April 2021End of the sea-road for us…. DOMINO has new owners….Our delivery trip from Zihuatanejo to Guaymas was amazing, averaging almost 15 kts against winds and currents up rhe treacherous Sea of Cortez in winter…. BigD wanted to shine fo…
Our second visit to Dun Laoghaire marina outside Dublin was as enjoyable as the first. In the same berth as last time, we watched many spectacular sunrises over the harbour walls. The weather was clear and calm most days, and we took several walks, including to the end of each harbour pier. We also explored…
Spirit Log Day 4
May 10, 2021
We planned a 0600 departure from Allison Harbour to cross Cape Caution before the afternoon westerlies piped up. Arising at 0530, we were greeted by dense fog, but light winds. Departing at slow speed with the automatic fog signal blowing every 2 minutes, we inched out the entrance. The fog began to lift and we discovered clear skies over the Strait of Georgia. The swell was running at 1.6 meters, or about 5 feet, with a 2 foot wind chop from the west. We cleared Cape Caution at 0745 and passed behind Egg Island at 0835. Not the best sea conditions, but far from the worst.
Making good time, especially as the seas calmed entering Fitz Hugh sound, we passed by our initial anchorage location, Green Island. Proceeding up Fitz Hugh we entered Codville Lagoon and anchored under sunny skies at 1500, having covered another 73 NM today.
With the early arrival, we relaxed and enjoyed a movie night, watching “First Man” and snacking on popcorn.
May 8, 2021
Spirit Log Day 2
As expected, the winds abated after sundown and shifted back to northwest. About 0330 the winds died completely, but the residual low swell caused the fishing boat to start banging against the fenders, waking us up. Seeing nothing amiss it was back to bed until about 0700.
Our day today takes us through Seymour Narrows to Thurston Bay. We need to hit high slack current at Seymour Narrows, so the 48 NM run to the narrows allowed us to delay our departure until 0900, under overcast skies and almost no wind in Tribune Bay. Rendezvous is following us about ½ mile astern.
Overnight our anchor light failed, so we will have to replace when we get to Ketchikan. Turns out that even LED lights have finite lifespans. The light is located at the top of the mast in a difficult location and we will have to wait until Ketchikan to replace it, since Patrick discovered that there was no spare on board.
The Strait of Georgia was calm with light winds as we headed further northwest to Campbell River, just this side of Seymour Narrows. The last of the flood tide flowing south through Discovery Passage slowed us down to less than 4 knots at times. Even so, we arrived at 1600, 37 minutes ahead of high slack, our target. The current was very manageable so we proceeded through the narrows and entered Johnstone Strait headed for our evening destination, Thurston Bay. There was virtually no marine traffic the entire day.
We anchored Spirit at 1840 in light rain and calm seas, after a voyage of 69 NM. After a dinner of roasted pork tenderloin scalloped potatoes and salad, we all retired early for the 0600 departure for our next stop, Allison Harbour. We have covered nearly 185 NM since leaving Anacortes on May 6.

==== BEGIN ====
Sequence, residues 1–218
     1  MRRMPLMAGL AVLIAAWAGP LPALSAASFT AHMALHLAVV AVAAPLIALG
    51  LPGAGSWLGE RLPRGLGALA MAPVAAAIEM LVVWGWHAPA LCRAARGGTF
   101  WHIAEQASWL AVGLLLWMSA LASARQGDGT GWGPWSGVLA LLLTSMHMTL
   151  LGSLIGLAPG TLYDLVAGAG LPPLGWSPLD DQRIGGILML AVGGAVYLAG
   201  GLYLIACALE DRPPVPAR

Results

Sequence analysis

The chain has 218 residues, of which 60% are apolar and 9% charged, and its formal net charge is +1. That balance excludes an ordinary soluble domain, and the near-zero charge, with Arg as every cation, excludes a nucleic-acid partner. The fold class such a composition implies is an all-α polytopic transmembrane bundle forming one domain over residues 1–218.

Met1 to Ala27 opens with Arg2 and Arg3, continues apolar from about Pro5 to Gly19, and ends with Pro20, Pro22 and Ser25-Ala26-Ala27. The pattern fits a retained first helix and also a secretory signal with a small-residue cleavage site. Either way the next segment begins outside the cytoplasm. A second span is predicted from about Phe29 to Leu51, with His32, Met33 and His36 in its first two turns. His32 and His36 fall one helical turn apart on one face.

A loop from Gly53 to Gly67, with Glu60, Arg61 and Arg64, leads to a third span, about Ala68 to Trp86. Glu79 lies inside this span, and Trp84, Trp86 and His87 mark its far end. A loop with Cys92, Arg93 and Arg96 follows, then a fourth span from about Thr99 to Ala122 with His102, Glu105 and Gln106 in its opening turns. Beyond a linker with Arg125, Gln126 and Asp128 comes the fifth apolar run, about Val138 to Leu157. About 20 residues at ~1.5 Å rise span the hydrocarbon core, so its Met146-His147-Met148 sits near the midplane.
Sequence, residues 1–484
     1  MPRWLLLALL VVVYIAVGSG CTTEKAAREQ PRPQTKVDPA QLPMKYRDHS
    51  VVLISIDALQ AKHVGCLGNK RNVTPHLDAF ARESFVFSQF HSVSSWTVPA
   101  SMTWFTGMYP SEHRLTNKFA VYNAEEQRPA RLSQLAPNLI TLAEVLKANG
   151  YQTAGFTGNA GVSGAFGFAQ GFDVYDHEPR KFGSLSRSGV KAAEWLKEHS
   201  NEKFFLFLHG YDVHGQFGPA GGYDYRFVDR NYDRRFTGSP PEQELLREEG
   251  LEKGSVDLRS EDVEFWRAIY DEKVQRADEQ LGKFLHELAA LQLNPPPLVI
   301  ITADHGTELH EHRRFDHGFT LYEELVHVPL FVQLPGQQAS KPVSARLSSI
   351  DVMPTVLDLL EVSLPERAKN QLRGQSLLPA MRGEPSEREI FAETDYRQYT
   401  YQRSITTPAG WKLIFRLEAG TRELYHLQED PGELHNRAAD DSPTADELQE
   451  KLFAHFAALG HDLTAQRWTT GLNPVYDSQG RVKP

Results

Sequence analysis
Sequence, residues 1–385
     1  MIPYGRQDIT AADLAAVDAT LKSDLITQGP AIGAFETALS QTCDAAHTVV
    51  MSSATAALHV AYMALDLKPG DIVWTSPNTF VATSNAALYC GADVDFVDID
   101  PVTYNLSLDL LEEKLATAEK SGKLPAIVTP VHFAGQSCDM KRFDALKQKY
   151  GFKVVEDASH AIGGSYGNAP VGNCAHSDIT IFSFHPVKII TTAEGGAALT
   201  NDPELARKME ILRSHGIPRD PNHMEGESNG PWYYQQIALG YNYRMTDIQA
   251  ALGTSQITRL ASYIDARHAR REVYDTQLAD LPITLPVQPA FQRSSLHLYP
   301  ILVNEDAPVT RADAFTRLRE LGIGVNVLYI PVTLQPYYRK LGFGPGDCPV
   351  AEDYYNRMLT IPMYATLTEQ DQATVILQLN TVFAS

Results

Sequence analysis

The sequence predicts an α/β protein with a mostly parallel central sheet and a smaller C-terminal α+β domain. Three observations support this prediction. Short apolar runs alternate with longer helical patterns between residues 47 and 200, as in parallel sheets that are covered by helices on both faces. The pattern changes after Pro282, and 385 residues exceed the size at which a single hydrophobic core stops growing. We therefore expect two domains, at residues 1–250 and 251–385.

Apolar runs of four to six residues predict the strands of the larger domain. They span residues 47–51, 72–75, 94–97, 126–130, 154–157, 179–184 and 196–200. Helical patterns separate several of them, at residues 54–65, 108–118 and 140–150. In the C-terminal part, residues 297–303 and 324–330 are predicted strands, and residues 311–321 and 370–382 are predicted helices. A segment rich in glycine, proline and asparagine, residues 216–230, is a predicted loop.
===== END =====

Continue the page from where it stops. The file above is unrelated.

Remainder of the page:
Spirit Log Day 3
Dawn arrived all too early for a tired crew, but the calm water and gentle sound of rain on the decks provided a soothing environment for sleep. Setting the alarm for 0530, we were underway at 0545, some 15 minutes behind Rendezvous. Riding the ebb tide up a calm Johnstone Strait in rain, dodging barges also riding the ebb tide, we turned into Blackney Pass and into Blackfish Sound. Alas, no Orca’s to be seen, just an adverse current of 4 knots for several miles until we entered Queen Charlotte Strait. By this time, the afternoon westerlies began to build and the ebb current created some short steep seas as we crossed over to the British Columbia Mainland side of the straits. Passing Numas Islands the wind increased to 20-25 knots, the sun came out and we put a lot of spray over Spirit. Threading our way behind points and islands to minimize the waves we finally decided to explore a different approach into Allison Harbour. We could see several small passenger boats anchored behind some islands at the entrance and were pleasantly surprised by a nice potential anchorage for future trips. The anchor was set in Allison Harbor ¼ mile behind Rendezvous at 1755, having logged 102.93 NM today, for a trip total of 289 NM, essentially halfway to Ketchikan.
Spirit Log – Day 0 to 1
May 6, 2021
The first stage of our 2021 Alaska Journey was a positioning cruise to Roche Harbor in order to be close to the Canadian Border Services Agency (CBSA) marine reporting terminal at Van Isle Marina, Sidney. Arriving at Roche Harbor we met up with the Selene 55 Rendezvous who are also headed to Alaska. The cruise provided a good opportunity to test out the towing bridle for the Johnson’s 18 foot aluminum fishing boat. We departed Anacortes Marina for the fuel dock at 0745 and after taking on 460 gallons of fuel departed Cap Sante at 0830. Underway we tested out the towing bridle and the procedures for deploying and retrieving the fishing boat.
The towing bride worked fine but was more effective when we shortened the overall length by about 20 feet to 130 feet.
Arriving at Roche Harbor Marina at 1145, after a short 27.5 NM journey, our assigned slip was Slip 1 on the main guest dock, close for Miriam to get up to McMillin’s Restaurant where we were scheduled for a sendoff dinner with the crew from Rendezvous. Dinner and adult beverages were excellent, but the summer prices were a shock compared to just weeks ago during the Selene Owner’s Rendezvous. Likewise, the moorage prices between winter and summer went from $88 to $203 for the same boat.
Following dinner we watched the traditional summertime Colors Ceremony as the sun slipped below the horizon in a blaze of light.